May 29, 2012
Two States Added to Award-Winning Hunting Works for America Franchise
Coinciding with the 75th anniversary of the Pittman-Robertson Federal Aid in Wildlife Restoration Act, two new states have been added to the award-winning Hunting Works for America (HWFA) program. The two new HWFA state chapters are Iowa and Missouri and are welcome additions to the existing state chapters in Arizona, Minnesota and North Dakota.
Hunting Works for Iowa launched in Des Moines on April 25 with a broad group of local and regional leaders representing Iowa chambers of commerce, convention and visitors bureaus, sporting organizations, small businesses and retailers by holding a press conference in the State Capitol. The media event was led by Hunting Works for Iowa co-chairs Jim Henter, president, Iowa Retail Federation; Libbey Patton, tourism director, Clear Lake Chamber of Commerce; and small businessman Steve Ries, owner of Top Gun Kennels. The event also received support from the Iowa Lt. Gov. Kim Reynolds.
Just one week later, the Hunting Works for Missouri chapter launched its efforts by holding press conferences in Springfield and Kansas City on May 1 and 2. The May 1 media event was held at Hunting Works for Missouri partner Bass Pro Shops’ world headquarters in Springfield, and the May 2 event was held at HWFMO partner Rogers Sporting Goods in the Kansas City suburb of Liberty. Speakers for the events included Hunting Works for Missouri co-chairs Dan Mehan, president and CEO of the Missouri Chamber of Commerce and Industry; Shannon Peisert, general manager of Rogers Sporting Goods; Brandon Butler, publisher of Driftwood Outdoors; Martin MacDonald, director of conservation at Bass Pro Shops; Cecil Huff, owner of Bucks and Spurs Ranch; Sam Ringenberg, Polaris brand manager at Clear Creek Vehicles; and Springfield City Councilman Jeff Seifried, regional development manager at the Springfield Area Chamber of Commerce.
Hunting Works for America is an initiative that was developed by the National Shooting Sports Foundation in 2010 to forge an alliance between sporting organizations and the many businesses and workers whose livelihood depends on hunting to survive.
We started this program to help connect the dots on the economics behind hunting. Many people simply don’t understand the food chain, hunter dollars spent on tags and licenses fund conservation efforts and the Pittman Robertson dollars, an 11 percent excise tax on hunting equipment is used to conserve and restore habitat which benefits game and non-game species of wildlife as well as anyone who loves the outdoors. And it’s not just P-R dollars, hunters contribute locally and their spending at convenience stores, roadside diners, sporting good, hotels, hardware and clothing stores has an absolutely astounding ripple effect on local economies and jobs acrossAmerica. The grassroots organization Hunting Works forAmericawill work hard get this message out.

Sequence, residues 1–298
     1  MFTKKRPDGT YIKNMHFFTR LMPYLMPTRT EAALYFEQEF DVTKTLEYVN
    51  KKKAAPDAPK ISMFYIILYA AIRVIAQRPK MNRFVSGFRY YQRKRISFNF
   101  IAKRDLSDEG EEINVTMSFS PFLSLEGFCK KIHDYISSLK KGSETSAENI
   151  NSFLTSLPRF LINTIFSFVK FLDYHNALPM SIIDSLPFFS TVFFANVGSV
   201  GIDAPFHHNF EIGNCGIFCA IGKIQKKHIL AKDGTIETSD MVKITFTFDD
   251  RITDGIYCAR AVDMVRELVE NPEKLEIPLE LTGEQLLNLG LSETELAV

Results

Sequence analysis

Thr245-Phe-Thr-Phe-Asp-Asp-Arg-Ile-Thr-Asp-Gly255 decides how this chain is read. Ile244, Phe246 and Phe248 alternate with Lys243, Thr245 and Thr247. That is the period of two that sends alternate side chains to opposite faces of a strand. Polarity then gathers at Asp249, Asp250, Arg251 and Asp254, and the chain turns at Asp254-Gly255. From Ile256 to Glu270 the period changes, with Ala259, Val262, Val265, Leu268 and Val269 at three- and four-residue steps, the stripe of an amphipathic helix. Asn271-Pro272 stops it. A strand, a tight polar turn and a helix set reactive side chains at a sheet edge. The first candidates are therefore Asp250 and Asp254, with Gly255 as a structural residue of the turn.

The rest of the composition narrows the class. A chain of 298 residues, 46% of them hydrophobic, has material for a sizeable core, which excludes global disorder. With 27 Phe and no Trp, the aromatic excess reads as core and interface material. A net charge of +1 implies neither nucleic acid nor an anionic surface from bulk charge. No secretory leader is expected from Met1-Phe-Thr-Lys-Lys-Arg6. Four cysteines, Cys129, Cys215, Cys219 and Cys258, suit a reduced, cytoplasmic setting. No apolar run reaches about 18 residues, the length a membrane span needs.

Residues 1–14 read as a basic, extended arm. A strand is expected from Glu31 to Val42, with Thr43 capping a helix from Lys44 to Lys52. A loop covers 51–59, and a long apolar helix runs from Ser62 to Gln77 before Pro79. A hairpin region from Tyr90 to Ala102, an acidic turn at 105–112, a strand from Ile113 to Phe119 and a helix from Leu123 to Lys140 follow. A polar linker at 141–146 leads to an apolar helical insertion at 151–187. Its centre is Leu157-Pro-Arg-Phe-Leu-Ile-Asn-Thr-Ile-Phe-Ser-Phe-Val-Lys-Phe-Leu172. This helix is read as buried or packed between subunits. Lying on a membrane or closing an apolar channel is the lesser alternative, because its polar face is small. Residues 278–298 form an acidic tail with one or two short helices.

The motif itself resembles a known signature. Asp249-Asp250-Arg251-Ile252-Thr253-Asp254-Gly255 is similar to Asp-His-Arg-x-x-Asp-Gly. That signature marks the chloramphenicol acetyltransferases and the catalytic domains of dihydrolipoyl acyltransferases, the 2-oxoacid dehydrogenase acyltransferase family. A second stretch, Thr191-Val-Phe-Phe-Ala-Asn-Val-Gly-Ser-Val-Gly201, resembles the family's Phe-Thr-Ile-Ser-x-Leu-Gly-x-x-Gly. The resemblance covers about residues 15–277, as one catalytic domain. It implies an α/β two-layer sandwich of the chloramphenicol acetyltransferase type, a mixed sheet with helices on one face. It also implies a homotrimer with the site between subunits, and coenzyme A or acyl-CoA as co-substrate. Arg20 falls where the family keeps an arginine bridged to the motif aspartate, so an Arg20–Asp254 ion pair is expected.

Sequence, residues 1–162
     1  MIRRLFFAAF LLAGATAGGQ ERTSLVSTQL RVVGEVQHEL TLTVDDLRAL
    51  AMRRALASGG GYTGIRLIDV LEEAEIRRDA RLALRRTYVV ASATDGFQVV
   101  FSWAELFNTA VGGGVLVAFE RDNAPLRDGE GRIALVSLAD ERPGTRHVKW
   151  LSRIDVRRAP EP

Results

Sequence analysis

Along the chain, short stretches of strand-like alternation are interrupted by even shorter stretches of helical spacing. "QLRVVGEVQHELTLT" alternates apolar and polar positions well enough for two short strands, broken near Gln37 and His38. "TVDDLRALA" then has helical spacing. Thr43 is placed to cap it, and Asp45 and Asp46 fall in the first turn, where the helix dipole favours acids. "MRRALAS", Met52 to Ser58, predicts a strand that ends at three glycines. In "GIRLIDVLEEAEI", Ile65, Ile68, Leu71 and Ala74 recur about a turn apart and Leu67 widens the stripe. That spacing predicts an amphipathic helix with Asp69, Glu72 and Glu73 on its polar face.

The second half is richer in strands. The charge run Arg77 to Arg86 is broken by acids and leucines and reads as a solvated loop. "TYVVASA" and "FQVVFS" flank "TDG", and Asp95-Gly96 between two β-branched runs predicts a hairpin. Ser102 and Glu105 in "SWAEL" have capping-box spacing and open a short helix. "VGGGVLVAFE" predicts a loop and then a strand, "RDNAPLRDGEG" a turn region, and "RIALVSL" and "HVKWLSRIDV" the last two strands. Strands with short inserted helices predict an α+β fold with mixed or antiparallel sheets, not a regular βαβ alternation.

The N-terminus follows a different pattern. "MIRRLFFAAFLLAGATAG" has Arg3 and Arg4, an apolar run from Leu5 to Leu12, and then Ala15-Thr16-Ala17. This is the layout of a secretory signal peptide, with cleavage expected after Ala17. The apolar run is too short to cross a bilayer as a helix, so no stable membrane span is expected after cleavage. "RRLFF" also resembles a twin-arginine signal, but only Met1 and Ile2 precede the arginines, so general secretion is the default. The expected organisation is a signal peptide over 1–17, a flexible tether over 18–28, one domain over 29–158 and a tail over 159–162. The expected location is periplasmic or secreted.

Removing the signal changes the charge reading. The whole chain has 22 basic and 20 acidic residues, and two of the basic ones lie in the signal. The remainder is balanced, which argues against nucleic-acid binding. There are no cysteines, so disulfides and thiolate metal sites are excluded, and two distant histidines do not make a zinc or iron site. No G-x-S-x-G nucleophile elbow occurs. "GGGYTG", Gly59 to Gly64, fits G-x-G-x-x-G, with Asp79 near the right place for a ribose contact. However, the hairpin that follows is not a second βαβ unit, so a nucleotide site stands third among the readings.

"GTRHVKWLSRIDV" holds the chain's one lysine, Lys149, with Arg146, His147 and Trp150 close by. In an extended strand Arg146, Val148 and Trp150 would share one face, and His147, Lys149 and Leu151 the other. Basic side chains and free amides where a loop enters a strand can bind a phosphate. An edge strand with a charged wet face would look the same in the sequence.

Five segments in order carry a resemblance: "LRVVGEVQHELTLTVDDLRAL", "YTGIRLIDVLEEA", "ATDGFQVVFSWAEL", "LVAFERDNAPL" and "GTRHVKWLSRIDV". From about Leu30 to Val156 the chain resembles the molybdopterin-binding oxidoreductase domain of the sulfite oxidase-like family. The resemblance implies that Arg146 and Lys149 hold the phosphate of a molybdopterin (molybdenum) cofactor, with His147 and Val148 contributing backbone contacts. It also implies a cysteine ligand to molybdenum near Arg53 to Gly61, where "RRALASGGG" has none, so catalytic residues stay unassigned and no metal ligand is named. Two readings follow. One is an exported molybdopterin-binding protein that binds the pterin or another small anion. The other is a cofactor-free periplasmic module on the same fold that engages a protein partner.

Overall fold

Local businesses, organizations and individuals have applauded the program and its introduction to their states. InMissouri, “The Missouri Chamber of Commerce is excited to be a part of Hunting Works forMissouri. The Chamber’s mission is to protect and advance business and, make no mistake, hunting contributes a lot to the advancement of so many businesses in Missouri,” said Dan Mehan, Hunting Works For Missouri co-chairman and president and CEO of the Missouri Chamber of Commerce and Industry. “Hunting has become an economic engine to our state and local economies. We’re glad that this group has formed to highlight the positive impact hunting plays here in Missouri.”
In Iowa, “Gov. Branstad and I are both excited to see a group like Hunting Works forIowacome together. Every industry that helpsIowagrow and prosper is important to us, and make no mistake that includes hunting,” said Lt. Governor Reynolds. “The economic benefit that hunting brings to our state is far too important to be overlooked, and we are pleased that this group has been formed to highlight the economic engine that hunting has become to our local and state economies.”
Hunting Works for America state chapters now have more than 500 member partners that will monitor public-policy decisions and weigh in on hunting-related issues that impact their respective local economies, including issues impacting jobs derived from the sport. Hunting Works forAmericachapters will serve as a vehicle to facilitate important public-policy dialogue and to tell the story of how America’s hunting heritage positively effects conservation, jobs and the economy across the United States.
Becoming a member is absolutely free of charge, so please visit www.huntingworksforaz.com, www.huntingworksformn.com, www.huntingworksfornd.com, www.huntingworksforia.com and www.huntingworksformo.com to learn more about how to become a partner and each state’s program, including leadership, members, social-media opportunities and local hunting seasons.
We’d like to offer a special thanks to each NSSF member who has helped launch all five HWFA State Programs and the hundreds of nontraditional hunting allies who have already joined this grassroots program. Look for a Hunting Works state chapter coming soon to state near you.
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